Cobwebs & Dust Bunnies

“Winter of the World”

A review by Hillary Lutter
“Winter of the World” is one of those books that you don’t just read, but you experience. It remains in your mind for those few sporadic hours when you actually pull yourself away from its pages. It becomes a part of your day, gets into your dreams and remains in your mind long after you finally close the cover, finished.
I began “Winter of the World” about 50 miles outside of Denver on our way home from a Broncos game. I didn’t take a turn driving. I didn’t go to bed that night until well into the wee hours… nor did I the night after, or the night after that… In short, I was worthless at anything else until I finished.
Since Ken Follett entered into the genre of what I call “The Epic,” he has become my favorite author, which I consider a feat in itself since normally I get tired of an author’s writing style after a couple of books. However, Follett’s novels are on an entirely different plain.
“Pillars of the Earth” was Follett’s first of this genre, technically called the historical novel. It was followed, (a number of years later – “Pillars” was first published in 1989), by its sequel, “World Without End.” Both of these I highly recommend, were bestsellers and have now been brought onto the small screen.
Follett’s next junket into “The Epic” genre began a couple years ago with “Fall of Giants,” a story beginning around 1910, that follow a few intertwined families throughout different parts of Europe and Russia. Aristocrats and commoners battle through the trials that were the early 20th Century in that part of the world.
The novel covers the Russian Revolution and World War I and its origins, all from the unique perspectives of the very different characters, who are themselves from very different origins: the poorest of the poor, the criminal, the middle class and the aristocrats orchestrating the launch of the Great War.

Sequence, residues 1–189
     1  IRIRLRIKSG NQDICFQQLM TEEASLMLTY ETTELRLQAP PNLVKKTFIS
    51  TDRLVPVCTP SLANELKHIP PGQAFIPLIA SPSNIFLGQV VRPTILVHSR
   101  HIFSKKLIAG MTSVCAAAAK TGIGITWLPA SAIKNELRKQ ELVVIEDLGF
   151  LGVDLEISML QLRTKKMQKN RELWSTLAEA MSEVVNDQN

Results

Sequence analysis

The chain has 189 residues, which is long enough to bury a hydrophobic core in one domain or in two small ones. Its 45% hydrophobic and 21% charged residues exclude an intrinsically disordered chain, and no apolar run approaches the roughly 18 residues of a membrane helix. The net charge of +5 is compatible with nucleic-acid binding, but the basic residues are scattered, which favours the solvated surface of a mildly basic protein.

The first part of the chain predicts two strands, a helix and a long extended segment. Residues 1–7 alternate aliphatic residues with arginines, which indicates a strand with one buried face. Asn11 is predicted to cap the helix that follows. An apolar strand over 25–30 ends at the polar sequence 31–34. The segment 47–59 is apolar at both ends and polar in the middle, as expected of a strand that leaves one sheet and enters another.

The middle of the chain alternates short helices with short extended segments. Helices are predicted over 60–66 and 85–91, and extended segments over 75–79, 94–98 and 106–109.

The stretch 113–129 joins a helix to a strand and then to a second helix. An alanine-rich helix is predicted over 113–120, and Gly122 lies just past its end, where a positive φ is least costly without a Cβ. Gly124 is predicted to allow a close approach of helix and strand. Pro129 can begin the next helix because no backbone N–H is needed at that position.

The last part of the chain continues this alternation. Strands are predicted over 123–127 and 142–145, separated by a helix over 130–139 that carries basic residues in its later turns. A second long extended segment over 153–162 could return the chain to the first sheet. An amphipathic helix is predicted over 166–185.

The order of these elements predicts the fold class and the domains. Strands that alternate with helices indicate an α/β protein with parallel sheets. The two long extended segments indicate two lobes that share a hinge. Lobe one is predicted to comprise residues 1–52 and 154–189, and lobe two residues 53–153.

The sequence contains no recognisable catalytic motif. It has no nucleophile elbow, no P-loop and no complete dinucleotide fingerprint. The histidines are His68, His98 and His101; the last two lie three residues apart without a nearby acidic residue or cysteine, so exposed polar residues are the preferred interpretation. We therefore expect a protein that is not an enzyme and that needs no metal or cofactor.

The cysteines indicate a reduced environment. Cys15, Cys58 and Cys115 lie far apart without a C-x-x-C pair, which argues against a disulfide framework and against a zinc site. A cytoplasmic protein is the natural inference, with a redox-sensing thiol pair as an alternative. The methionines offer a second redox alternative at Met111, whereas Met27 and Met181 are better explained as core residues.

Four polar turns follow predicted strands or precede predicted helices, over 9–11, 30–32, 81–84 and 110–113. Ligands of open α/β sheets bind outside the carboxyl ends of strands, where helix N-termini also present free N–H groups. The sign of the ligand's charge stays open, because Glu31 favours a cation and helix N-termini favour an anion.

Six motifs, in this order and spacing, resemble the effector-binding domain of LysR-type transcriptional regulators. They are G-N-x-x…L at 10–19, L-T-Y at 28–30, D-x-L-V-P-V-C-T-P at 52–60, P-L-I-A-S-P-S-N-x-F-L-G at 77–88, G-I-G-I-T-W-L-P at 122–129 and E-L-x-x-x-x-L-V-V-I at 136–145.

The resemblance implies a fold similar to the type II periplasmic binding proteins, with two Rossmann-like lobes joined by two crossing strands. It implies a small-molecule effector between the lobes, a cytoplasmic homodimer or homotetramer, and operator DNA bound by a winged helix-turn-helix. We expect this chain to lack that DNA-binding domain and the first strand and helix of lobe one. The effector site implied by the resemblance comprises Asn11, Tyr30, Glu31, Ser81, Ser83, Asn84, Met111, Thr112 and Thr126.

“Winter of the World” picks up where “Giants” left off. Beginning in 1933, one becomes reacquainted with the families: American, English, German, Russian and Welsh. Old characters come back to life and have a fresh light shined on the intricacies of their lives. New characters are introduced, adding the depth of oceans to the story. The next generation is brought into the mix, shadowed by the deeds of their ancestors.
A U.S. Senator’s family is entwined with that of a Russian fugitive turned immigrant business mogul. That Russian will forever tragically be linked to an English princess and her husband, the earl; the same earl, whose past can never be buried, but takes on a new life. German families are torn to shreds by separate beliefs. Many of the core families themselves are ripped apart by prejudice, allegiance and circumstance, while they unintentionally become more and more intertwined within each other.
“Winter” follows two of the last German journalists and political activists and their family and friends, before the rise of the Third Reich. It takes you on an eye-opening journey into the defeat of a country’s people and the brilliantly treacherous takeover of a government through intimidation and deceit.
The story drifts through the Spanish Civil War, Hitler’s unrelenting rise to power and on into the first devastating and hopeless years of the Second World War. It takes you to the shores of Pearl Harbor on an infamous Sunday morning in December 1941, and into the halls of the White House, where world-altering decisions are made, including that of the most devastating explosions known to man.
“Winter of the World” takes place in a time of political and economic turmoil and social upheaval, yet unmatched. It is a time when it is unclear who is to be trusted and which beliefs are best for which country. Communism, Socialism, Fascism and Democracy take on meanings a history schoolbook could never give.
The title itself brings to mind hardship and struggle during a dark time in our history. It also serves as a good metaphor for where things are left in the end: 1948 at the beginnings of the long, Cold War.
“Winter” is an at times gritty, unforgiving account of our world’s history. It is a story of romance, suspense, hardship and unforgettable horrors, pieced together in a way few authors could achieve.
This is a story that will stay with you; one that you’ll be sorry has ended. It takes a bit of a commitment and it is not a quick read by any means, but it is worth every missed chore, shirked responsibility and hour of sleep. While “Winter of the World” remains inside my subconscious, I eagerly await the final edition of this trilogy.

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